Sentimental Democracy Philosophy Seminar Sentimental Democracy

Sentimental Democracy

  1. The event took place on
Manuel Arias Maldonado

Multimedia

  1. Manuel Arias MaldonadoManuel Arias Maldonado

    Profesor titular de Ciencia Política en la Universidad de Málaga, donde se licenció en Derecho y defendió una tesis en Ciencia Política galardonada con el Premio extraordinario de doctorado. Ha sido becario Fulbright en la Universidad de Berkeley (2004-2005), Salvador de Madariaga en el Rachel Carson Center de la Universidad de Munich (2011) e investigador visitante en las de Munich, Keele, Oxford y Siena. Su investigación académica ha girado, principalmente, en torno a la dimensión política y filosófica del medio ambiente, la teoría de la democracia, el liberalismo político, los movimientos sociales globales y la teoría política en sentido amplio.

    Es autor de las monografías Sueño y mentira del ecologismo. Naturaleza, sociedad, democracia (2008), Real Green. Sustainability after the End of Nature (2012; Premio al mejor libro del año 2012 por la Asociación Española de Ciencia Política) y Environment & Society. Socionatural Relations in the Anthropocene (2015) y de la entrada "Nature" en la Encyclopedia of Political Thought. Ha publicado artículos en numerosas revistas académicas nacionales e internacionales. Finalmente, su atención a la teoría política es compatible con la crítica cultural y el ensayismo. Es colaborador habitual de Revista de Libros (donde conduce además el blog Torre de marfil), Letras Libres (a cuyo consejo editorial pertenece), Revista de Occidente y Lettre International Deutschland, entre otras. También es columnista del diario El Mundo en su edición andaluza, y dirige el Aula de Pensamiento Político del centro cultural La Térmica, en Málaga.

We will look into the populist infection that liberal representative democracies are suffering, locating this tendency towards irrational sentimentalization of the citizens' demands in the widest context that is provided by the current questioning that psychology and close disciplines make of the enlightened assumption that individuals act as the rational maximum of their own preferences. It is a hypothesis that also affects other disciplines like economy and ethics, obliging them to review their initial assumptions confronted with the increasingly powerful evidence of individual rationality being measured by the emotions and different biases or gaps in the rational decision. This sentimentalization of democracy can be presented in regards to the new tools of political communication, which have proved to be used more often as vehicles for expression than as a tool for persuasion.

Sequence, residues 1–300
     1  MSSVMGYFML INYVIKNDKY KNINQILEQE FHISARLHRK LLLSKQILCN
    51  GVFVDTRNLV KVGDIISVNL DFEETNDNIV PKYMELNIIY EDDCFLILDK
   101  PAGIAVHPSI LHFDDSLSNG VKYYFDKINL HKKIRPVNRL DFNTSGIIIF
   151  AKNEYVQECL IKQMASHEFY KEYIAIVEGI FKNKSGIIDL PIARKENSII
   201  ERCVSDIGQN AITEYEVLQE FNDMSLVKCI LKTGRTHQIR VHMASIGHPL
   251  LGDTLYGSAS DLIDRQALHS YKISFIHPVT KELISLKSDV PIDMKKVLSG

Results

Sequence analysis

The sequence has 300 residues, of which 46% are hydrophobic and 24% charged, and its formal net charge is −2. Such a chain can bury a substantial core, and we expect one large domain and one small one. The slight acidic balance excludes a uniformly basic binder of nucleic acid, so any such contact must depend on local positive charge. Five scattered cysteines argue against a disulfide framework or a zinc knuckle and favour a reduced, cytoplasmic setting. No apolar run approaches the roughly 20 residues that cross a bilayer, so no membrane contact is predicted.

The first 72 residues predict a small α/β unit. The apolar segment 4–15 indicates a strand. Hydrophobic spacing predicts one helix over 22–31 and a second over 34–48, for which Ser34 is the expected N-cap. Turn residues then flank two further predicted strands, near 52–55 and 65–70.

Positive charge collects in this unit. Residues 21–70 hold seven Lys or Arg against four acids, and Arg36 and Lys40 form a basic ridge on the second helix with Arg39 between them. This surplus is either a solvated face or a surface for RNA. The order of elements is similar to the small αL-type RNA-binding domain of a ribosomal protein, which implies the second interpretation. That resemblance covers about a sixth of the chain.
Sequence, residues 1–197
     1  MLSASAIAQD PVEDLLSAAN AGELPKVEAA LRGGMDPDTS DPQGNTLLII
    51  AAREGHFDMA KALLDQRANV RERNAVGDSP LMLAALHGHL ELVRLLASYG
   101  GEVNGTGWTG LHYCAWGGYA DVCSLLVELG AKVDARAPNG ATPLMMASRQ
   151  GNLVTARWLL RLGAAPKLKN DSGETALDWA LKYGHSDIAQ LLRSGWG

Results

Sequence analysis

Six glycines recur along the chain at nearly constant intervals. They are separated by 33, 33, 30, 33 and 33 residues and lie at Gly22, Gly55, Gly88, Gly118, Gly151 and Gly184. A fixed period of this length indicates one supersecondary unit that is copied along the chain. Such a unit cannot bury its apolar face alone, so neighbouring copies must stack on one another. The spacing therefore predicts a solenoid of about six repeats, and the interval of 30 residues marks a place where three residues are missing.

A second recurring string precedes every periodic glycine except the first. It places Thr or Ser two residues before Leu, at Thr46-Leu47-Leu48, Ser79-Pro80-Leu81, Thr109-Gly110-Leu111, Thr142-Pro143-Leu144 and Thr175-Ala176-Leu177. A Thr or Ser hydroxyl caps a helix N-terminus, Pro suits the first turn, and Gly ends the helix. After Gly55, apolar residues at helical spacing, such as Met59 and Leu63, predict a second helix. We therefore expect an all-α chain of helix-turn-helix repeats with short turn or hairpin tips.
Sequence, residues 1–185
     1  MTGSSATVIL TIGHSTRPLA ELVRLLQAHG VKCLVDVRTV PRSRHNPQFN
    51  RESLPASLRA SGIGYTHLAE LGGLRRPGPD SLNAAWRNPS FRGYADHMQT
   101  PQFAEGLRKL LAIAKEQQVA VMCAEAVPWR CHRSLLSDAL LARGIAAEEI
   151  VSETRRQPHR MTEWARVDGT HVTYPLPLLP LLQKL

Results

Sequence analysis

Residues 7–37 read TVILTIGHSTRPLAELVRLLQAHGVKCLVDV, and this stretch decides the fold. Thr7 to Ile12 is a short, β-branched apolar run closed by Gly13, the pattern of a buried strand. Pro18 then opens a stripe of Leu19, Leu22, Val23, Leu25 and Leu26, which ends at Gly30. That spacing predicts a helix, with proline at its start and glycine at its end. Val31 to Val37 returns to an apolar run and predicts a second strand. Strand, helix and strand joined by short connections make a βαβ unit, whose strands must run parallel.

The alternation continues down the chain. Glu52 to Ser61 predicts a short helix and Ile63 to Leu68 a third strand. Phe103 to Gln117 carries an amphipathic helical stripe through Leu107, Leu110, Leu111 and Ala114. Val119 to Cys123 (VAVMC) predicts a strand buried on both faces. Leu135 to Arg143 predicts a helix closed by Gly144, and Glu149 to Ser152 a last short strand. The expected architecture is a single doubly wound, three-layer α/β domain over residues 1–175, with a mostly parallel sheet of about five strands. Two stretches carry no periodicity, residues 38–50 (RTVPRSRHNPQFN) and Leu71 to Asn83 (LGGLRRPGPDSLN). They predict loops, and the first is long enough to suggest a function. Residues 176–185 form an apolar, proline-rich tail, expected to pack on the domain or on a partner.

However it may be, it would be inexact to assert that the enlightened political theory has historically ignored this problem. Which is, after all, the same problem of domesticating the human beings that Sloterdijk highlighted in his confrontation with Heidegger and Habermas more than a decade ago. Authors like David Hume already pointe out with clarity that the human reason can be very well seen as an instrument at the service of the passions. From here we have the fact that the enlightened concept of subjectivity should be claimed -confronted, by the way, with the communal tradition- as a prescription instead of as a simple description. Consequently, the autonomy of the individual should be defended as an indispensable regulative idea, for whose promotion we need to find new instruments.